People used some of the rock from trade to make stone spear points. They also used stones and minerals to make decorative items, like the objects seen below made of lead ore called galena. They made some tools, like very small hand tools called microliths, from stone found closer to home. Soapstone bowls, however, were made elsewhere before arriving at the site. They were carved at the quarries in Georgia and Alabama before shipment.
During this time period, many people used stones for cooking. They made these stones hot in a fire and then used them as a heat source in earth ovens. Without rock, the people of Poverty Point had to come up with other ways to cook their food. One solution to this problem was right under their feet.
People used the soil on Macon Ridge to make the site's most common artifacts: Poverty Point Objects (PPOs). They used these shaped wads of fired mud for cooking in earth ovens. Researchers have found PPOs as far away as Florida's Atlantic coast and throughout the Southeast. Archaeologists have traced the soil used to make some of these distant PPOs directly to Macon Ridge. People must have either gotten these items in trade or while visiting the site.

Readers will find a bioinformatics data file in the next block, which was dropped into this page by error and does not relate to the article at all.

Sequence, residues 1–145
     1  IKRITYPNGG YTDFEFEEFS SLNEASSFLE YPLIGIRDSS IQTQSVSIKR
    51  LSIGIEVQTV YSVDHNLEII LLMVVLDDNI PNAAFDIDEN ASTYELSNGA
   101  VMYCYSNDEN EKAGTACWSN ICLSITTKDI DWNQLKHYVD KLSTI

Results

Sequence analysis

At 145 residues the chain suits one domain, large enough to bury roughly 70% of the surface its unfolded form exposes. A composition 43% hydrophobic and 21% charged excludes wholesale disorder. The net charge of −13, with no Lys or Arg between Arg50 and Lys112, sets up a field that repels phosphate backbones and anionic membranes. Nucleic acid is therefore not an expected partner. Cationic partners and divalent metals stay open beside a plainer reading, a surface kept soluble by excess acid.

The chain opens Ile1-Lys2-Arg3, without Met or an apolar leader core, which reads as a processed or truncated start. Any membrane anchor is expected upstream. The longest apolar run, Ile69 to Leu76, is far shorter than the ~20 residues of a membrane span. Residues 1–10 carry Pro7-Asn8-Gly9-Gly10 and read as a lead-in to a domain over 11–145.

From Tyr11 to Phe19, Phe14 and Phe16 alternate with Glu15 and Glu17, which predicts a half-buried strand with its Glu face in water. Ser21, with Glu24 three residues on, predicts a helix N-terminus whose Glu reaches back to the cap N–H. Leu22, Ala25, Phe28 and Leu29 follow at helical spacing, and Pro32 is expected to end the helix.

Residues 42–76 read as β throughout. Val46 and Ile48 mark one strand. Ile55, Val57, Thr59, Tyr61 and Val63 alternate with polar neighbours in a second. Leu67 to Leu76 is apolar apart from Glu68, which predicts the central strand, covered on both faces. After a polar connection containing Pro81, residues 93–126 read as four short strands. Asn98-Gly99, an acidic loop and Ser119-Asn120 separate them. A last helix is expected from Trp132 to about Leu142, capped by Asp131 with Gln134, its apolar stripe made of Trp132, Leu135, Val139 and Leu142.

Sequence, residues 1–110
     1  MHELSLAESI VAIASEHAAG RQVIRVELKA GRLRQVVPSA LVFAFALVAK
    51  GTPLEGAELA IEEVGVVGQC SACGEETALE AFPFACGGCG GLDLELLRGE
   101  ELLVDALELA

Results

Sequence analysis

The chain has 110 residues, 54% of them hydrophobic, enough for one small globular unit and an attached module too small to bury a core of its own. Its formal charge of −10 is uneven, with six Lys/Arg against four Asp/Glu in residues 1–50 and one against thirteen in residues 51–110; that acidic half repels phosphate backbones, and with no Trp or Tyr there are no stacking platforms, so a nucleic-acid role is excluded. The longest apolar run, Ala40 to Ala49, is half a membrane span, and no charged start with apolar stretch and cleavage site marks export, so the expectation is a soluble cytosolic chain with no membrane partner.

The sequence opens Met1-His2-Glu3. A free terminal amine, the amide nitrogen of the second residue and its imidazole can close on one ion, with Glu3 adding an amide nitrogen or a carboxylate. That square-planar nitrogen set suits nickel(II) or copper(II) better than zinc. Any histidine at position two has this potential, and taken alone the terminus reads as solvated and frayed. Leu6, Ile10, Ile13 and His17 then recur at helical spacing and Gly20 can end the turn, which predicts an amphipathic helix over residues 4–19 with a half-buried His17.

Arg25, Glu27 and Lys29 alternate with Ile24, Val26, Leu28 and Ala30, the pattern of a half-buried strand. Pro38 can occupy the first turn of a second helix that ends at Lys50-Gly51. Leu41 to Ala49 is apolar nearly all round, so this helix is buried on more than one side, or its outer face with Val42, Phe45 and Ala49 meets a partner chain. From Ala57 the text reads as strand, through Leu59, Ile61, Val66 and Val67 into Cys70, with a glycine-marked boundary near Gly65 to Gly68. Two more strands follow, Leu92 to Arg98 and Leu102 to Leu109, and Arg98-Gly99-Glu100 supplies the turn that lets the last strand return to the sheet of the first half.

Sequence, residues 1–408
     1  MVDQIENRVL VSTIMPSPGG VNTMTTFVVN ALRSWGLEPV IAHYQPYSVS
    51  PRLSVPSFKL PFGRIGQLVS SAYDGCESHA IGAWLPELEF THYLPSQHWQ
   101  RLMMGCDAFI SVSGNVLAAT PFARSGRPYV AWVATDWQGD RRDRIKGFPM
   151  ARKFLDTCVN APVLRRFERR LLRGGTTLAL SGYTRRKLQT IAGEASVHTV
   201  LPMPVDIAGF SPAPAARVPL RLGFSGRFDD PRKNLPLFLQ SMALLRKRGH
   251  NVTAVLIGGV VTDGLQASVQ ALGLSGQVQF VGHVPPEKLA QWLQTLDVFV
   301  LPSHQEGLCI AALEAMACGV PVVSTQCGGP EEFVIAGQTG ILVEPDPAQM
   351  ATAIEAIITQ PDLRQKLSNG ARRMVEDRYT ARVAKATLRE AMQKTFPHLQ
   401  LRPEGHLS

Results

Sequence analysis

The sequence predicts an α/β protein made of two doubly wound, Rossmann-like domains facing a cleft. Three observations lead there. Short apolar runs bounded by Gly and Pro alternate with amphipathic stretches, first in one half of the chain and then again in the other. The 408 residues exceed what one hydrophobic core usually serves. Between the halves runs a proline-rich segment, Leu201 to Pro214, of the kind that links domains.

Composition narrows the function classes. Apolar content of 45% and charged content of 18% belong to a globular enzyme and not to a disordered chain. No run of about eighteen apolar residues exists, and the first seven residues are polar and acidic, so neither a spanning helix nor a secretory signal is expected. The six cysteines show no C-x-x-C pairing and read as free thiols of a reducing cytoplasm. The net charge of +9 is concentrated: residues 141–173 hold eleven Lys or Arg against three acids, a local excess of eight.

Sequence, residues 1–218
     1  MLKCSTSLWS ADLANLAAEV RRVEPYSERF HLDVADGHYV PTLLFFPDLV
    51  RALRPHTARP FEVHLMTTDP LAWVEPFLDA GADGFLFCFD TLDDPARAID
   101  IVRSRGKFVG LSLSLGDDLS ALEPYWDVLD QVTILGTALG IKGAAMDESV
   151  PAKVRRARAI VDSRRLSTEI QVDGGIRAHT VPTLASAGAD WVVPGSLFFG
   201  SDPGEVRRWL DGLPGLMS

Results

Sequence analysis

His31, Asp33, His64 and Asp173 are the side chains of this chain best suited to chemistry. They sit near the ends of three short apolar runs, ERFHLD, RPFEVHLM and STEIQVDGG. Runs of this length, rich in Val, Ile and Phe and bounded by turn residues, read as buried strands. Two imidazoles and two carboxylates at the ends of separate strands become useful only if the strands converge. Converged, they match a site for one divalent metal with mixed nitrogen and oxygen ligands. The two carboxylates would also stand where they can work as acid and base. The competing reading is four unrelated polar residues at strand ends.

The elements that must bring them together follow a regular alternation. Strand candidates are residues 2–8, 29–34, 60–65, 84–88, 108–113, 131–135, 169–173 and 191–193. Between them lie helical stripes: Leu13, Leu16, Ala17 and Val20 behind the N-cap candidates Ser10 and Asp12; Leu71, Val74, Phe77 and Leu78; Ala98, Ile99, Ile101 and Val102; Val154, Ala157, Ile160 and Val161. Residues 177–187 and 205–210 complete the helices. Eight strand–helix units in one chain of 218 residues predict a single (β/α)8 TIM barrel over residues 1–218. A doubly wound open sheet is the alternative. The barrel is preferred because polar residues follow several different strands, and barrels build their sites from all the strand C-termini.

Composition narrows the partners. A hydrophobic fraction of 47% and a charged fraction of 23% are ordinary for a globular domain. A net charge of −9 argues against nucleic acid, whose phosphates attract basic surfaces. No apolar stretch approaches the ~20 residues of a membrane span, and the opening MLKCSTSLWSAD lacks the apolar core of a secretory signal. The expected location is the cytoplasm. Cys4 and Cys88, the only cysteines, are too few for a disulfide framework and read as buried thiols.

The raw materials used to make many of the artifacts found at Poverty Point came from far away. The map above shows where some of these materials came from. Scroll over the red dots to see examples of artifacts made from some of these resources.
Pendant, button and cube; galena
Projectile point; gray northern flint
Tablet preform; Pickwick chert
Microlith; Citronelle gravel
Atlatl weight; Catahoula sandstone
Projectile point; Mill Creek chert
Projectile point; Tallahata quartzite
Atlatl weight; soapstone
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